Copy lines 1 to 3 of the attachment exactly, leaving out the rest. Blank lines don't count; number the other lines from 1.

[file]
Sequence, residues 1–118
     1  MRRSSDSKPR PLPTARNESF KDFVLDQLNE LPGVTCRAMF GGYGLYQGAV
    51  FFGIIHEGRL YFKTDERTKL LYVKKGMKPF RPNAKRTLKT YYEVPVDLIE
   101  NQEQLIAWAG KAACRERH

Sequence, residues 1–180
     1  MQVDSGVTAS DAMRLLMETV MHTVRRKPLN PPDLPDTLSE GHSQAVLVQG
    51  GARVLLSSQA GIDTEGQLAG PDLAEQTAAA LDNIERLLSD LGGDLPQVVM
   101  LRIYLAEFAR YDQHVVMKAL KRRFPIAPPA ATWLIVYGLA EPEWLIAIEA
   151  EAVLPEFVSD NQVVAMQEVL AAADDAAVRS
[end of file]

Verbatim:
Sequence, residues 1–118
     1  MRRSSDSKPR PLPTARNESF KDFVLDQLNE LPGVTCRAMF GGYGLYQGAV
    51  FFGIIHEGRL YFKTDERTKL LYVKKGMKPF RPNAKRTLKT YYEVPVDLIE